Some patients with type 2 diabetes use insulin as well as oral antidiabetic drugs. The effect of adding dapagliflozin to such regimens was studied in a placebo-controlled trial of 71 patients. In this trial dapagliflozin 10 mg and 20 mg were used and the patients had their doses of insulin halved. After 12 weeks, HbA1c concentrations had increased by 0.09% in the placebo group, but decreased by 0.61% with 10 mg dapagliflozin and by 0.69% with 20 mg.6

Increasing glucose excretion causes an osmotic diuresis. This can be a problem in patients who are volume depleted or are taking loop diuretics. Glycosuria also increases the risk of urinary tract infections. In the clinical trials 4.8% of patients taking dapagliflozin 10 mg developed genital infections, such as vulvovaginitis or balanitis, compared with 0.9% of the placebo group. When used alone dapagliflozin does not appear to cause significant hypoglycaemia,1 however the risk increases in combination with a sulfonylurea.5

Dapagliflozin is the first of a new class of drugs. In addition to reducing HbA1c and weight, it also lowers systolic blood pressure by 1–5 mmHg. These effects could be beneficial, but longer-term studies will be needed to see if dapagliflozin improves the outcomes for patients with type 2 diabetes. These studies will also need to assess the safety of dapagliflozin. In the trials the relative risk of bladder, breast and prostate cancer was slightly increased. Until long-term data are available, dapagliflozin should probably only be used as an adjunct to treatment with drugs, such as metformin, which have more evidence to support them.


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Notes on references

At the time the comment was prepared, information about this drug was available on the web site of the Food and Drug Administration in the USA (

At the time the comment was prepared, information about this drug was available on the website of the Therapeutic Goods Administration (



  1. Ferrannini E, Ramos SJ, Salsali A, Tang W, List JF. Dapagliflozin monotherapy in type 2 diabetic patients with inadequate glycemic control by diet and exercise: a randomized, double-blind, placebo-controlled, phase 3 trial. Diabetes Care 2010;33:2217-24.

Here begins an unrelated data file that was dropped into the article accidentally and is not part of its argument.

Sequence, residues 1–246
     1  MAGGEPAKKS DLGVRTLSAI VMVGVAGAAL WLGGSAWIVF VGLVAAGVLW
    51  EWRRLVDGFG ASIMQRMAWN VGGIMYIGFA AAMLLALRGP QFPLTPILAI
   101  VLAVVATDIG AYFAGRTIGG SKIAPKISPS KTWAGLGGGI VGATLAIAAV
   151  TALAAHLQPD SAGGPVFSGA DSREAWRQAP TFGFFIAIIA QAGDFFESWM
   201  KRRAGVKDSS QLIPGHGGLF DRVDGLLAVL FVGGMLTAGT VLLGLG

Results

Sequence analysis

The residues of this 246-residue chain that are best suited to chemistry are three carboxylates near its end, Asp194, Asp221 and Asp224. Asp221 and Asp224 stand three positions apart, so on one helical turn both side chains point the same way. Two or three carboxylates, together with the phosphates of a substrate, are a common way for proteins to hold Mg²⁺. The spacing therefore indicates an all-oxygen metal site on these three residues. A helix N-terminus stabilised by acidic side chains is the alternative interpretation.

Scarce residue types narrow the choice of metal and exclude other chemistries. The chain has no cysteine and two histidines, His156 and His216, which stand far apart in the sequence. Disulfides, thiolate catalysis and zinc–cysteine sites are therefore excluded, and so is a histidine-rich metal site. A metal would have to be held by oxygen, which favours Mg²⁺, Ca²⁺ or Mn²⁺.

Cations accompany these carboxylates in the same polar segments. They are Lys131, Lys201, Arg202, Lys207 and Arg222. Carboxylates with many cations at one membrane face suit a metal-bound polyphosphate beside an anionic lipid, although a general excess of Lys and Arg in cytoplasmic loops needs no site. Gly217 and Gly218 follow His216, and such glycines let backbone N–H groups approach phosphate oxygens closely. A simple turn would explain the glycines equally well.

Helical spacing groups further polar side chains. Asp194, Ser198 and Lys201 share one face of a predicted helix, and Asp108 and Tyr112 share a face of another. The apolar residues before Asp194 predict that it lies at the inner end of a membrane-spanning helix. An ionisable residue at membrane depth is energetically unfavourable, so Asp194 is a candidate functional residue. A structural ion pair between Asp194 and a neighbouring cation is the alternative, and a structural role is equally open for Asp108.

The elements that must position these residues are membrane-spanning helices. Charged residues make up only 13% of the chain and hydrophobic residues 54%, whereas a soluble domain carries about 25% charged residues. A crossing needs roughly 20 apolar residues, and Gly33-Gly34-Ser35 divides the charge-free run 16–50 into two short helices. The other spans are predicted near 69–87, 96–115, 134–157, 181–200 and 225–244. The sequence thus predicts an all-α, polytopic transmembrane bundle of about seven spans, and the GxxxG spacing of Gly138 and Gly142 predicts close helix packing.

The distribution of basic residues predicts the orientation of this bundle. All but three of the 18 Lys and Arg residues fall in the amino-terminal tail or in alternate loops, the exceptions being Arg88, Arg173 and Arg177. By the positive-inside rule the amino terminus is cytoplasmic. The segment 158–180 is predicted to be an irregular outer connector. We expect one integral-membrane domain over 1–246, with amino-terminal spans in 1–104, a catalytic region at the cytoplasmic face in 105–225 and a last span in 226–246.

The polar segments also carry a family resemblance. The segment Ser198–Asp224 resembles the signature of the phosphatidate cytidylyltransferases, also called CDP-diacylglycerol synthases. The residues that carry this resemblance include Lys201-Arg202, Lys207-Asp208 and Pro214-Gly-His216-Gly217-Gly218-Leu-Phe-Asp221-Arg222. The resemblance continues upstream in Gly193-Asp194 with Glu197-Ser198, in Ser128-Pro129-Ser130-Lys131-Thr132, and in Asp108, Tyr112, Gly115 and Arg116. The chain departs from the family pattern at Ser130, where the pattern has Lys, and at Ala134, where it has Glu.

2. Henry RR, Murray AV, Marmolejo MH, Hennicken D, Ptaszynska A, List JF. Dapagliflozin, metformin XR, or both: initial pharmacotherapy for type 2 diabetes, a randomised controlled trial. Int J Clin Pract 2012;66:446-56.
  3. Bailey CJ, Gross JL, Pieters A, Bastien A, List JF. Effect of dapagliflozin in patients with type 2 diabetes who have inadequate glycaemic control with metformin: a randomised, double-blind, placebo-controlled trial. Lancet 2010;375:2223-33.
  4. Nauck MA, Del Prato S, Meier JJ, Dur\u00e1n-Garc\u00eda S, Rohwedder K, Elze M, et al. Dapagliflozin versus glipizide as add-on therapy in patients with type 2 diabetes who have inadequate glycemic control with metformin: a randomized, 52-week, double-blind, active-controlled noninferiority trial. Diabetes Care 2011;34:2015-22.
  5. Strojek K, Yoon KH, Hruba V, Elze M, Langkilde AM, Parikh S. Effect of dapagliflozin in patients with type 2 diabetes who have inadequate glycaemic control with glimepiride: a randomized, 24-week, double-blind, placebo-controlled trial. Diabetes Obes Metab 2011;13:928-38.
  6. Wilding JP, Norwood P, T'joen C, Bastien A, List JF, Fiedorek FT. A study of dapagliflozin in patients with type 2 diabetes receiving high doses of insulin plus insulin sensitizers: applicability of a novel insulin-independent treatment. Diabetes Care 2009;32:1656-62.

Some of the views expressed in the following notes on newly approved products should be regarded as preliminary, as there may have been limited published data at the time of publication, and little experience in Australia of their safety or efficacy. However, the Editorial Executive Committee believes that comments made in good faith at an early stage may still be of value. Before new drugs are prescribed, the Committee believes it is important that more detailed information is obtained from the manufacturer's approved product information, a drug information centre or some other appropriate source.